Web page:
Climate Change Clauses in Investor–State Mining Contracts

Domestic laws and regulations are the ideal legal instrument to regulate the mining sector’s contribution to climate change mitigation and adaptation. Even so, as a stop-gap-measure in the absence of a robust legal and regulatory framework, governments may consider updating model mining development agreements (MMDAs) or negotiating climate­-related contractual provisions.

The CCSI paper Five Years After the Adoption of the Paris Agreement, Are Climate Change Considerations Reflected in Mining Contracts?, published in July 2021, explores whether governments are using, and how they can use, investor–state mining contracts to advance climate goals. We synthesize our findings and recommendations for six categories of provisions: 

  • Integrating renewable energy into mining products
  • Reducing deforestation
  • Requiring a climate risk assessment and community vulnerability assessment
  • Regulating water use
  • Requiring tailings dam design justifications
  • Integrating climate risks into closure plans

The companion piece Allocation of Climate-Related Risks in Investor–State Mining Contracts, published in June 2022 expands the analysis, by examining risk allocation provisions that are commonly used or could be used in mining contracts and discussing how they should be drafted to clearly allocate the risks and impacts associated with the ever-worsening effects of climate change between states and mining companies. The paper covers the following risk allocation clauses (in addition to a note on the risks of investor–state dispute settlement, or ISDS):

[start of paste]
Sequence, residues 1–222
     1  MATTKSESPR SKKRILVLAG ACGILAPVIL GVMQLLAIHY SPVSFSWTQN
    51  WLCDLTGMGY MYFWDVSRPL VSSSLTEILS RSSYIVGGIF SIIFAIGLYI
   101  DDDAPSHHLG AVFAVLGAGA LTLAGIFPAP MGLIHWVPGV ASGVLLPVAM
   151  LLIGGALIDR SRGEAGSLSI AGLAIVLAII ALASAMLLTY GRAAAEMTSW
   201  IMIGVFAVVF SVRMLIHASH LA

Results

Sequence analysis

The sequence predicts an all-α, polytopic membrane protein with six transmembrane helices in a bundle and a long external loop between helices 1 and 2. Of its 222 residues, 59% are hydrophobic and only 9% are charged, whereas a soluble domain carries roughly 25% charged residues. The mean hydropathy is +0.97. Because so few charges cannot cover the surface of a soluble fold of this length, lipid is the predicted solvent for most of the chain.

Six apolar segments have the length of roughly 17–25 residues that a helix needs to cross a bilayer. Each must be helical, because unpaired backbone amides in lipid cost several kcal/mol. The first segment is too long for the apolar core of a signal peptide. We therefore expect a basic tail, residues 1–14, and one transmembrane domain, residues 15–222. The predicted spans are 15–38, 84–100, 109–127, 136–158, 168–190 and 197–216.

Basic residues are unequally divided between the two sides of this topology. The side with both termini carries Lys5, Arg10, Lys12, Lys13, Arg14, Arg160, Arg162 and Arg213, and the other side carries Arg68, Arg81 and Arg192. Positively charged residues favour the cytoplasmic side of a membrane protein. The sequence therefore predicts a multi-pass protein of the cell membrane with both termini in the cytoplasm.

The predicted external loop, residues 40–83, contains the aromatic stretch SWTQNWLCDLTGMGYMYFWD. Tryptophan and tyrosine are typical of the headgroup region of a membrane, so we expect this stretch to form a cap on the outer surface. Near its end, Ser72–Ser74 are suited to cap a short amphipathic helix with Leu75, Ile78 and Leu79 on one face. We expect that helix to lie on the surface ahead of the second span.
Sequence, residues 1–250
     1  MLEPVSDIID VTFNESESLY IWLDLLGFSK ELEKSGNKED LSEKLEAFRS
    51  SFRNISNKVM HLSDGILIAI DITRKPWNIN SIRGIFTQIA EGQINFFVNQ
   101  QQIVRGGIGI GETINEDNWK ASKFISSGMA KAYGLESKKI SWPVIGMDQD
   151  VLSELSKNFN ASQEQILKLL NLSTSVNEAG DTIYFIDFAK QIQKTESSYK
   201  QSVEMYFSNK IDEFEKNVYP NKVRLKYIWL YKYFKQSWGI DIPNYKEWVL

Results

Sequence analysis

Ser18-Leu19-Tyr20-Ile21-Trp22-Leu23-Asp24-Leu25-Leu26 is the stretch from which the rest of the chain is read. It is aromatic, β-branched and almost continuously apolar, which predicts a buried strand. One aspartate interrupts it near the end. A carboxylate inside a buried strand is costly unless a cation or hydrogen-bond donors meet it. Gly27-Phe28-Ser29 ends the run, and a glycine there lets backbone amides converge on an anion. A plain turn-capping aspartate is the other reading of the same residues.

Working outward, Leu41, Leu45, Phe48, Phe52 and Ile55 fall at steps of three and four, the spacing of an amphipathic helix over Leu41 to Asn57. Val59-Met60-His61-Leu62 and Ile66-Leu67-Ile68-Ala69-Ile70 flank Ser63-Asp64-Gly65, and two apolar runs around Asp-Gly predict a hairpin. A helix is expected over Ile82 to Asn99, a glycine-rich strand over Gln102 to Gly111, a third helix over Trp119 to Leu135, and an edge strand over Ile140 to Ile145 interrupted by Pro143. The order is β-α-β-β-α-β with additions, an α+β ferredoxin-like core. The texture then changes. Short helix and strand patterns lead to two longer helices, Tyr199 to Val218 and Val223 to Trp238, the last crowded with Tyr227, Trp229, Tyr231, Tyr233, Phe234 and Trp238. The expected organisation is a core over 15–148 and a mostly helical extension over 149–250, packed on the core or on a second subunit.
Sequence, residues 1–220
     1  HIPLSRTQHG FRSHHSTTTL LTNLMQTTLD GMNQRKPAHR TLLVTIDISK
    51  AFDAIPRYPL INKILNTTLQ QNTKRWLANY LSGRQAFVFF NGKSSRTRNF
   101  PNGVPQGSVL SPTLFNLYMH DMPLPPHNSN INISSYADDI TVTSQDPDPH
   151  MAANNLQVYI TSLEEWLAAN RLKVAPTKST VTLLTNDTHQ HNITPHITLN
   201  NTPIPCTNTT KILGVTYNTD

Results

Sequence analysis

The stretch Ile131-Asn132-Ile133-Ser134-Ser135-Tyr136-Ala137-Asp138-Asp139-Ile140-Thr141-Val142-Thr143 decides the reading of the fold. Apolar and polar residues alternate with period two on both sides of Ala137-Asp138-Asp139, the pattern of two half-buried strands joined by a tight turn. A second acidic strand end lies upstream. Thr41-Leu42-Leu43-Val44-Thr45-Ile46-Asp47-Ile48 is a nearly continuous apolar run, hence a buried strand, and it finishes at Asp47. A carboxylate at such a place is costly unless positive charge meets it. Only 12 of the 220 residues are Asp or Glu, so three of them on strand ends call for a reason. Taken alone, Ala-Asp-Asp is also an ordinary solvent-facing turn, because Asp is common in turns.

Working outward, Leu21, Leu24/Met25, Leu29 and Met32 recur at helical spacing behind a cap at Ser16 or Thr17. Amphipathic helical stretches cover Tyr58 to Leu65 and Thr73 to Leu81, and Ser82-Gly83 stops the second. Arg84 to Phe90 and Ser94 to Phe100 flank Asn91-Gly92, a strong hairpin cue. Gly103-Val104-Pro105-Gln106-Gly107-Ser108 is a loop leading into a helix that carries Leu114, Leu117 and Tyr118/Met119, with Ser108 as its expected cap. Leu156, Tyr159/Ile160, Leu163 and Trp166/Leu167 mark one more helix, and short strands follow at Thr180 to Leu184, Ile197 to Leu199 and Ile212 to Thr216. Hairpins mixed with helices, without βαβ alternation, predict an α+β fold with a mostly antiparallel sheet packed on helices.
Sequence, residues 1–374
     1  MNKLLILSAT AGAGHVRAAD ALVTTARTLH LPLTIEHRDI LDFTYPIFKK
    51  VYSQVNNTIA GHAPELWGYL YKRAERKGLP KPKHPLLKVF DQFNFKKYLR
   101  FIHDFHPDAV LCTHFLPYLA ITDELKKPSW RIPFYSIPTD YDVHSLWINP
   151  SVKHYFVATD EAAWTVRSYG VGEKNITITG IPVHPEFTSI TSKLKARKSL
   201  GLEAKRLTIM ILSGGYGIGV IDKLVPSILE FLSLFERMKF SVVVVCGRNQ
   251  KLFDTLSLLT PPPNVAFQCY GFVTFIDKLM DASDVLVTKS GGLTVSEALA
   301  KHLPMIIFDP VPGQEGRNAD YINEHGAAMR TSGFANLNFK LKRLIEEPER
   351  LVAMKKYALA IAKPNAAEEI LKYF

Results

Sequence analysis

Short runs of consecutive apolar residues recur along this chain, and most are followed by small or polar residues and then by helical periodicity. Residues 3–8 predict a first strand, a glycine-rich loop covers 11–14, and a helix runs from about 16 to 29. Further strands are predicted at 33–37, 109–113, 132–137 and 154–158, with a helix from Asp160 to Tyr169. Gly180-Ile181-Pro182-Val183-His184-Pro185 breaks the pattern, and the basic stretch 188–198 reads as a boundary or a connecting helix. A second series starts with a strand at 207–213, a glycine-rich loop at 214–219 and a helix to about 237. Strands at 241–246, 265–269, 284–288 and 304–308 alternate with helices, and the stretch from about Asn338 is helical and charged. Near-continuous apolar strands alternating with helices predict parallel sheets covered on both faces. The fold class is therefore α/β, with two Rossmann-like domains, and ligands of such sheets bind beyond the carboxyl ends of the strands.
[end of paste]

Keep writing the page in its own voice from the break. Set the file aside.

• Force majeure
  • Liability and compensation or indemnification for climate-related risks
  • Insurance requirements
  • Stabilization or change-in-law clauses
  • Periodic review
  • Warranties and representations
  • Step-in rights
  • Termination

Both papers examine investor–state mining contracts obtained from, the largest online repository of publicly available oil, gas, and mining contracts from around the world, developed by CCSI in partnership with the World Bank and the Natural Resource Governance Institute (NRGI).

The June 2022 blog Integrating Climate Change, Decarbonization, and Just Transition Considerations into Extractive Contracts, also available in a three-page PDF, summarizes the takeaways from the two papers above and includes links to other relevant publications.

Based on its extensive research, CCSI provides technical assistance and capacity building for governments of resource-rich countries on how to embed climate-related clauses into investor–state mining contracts.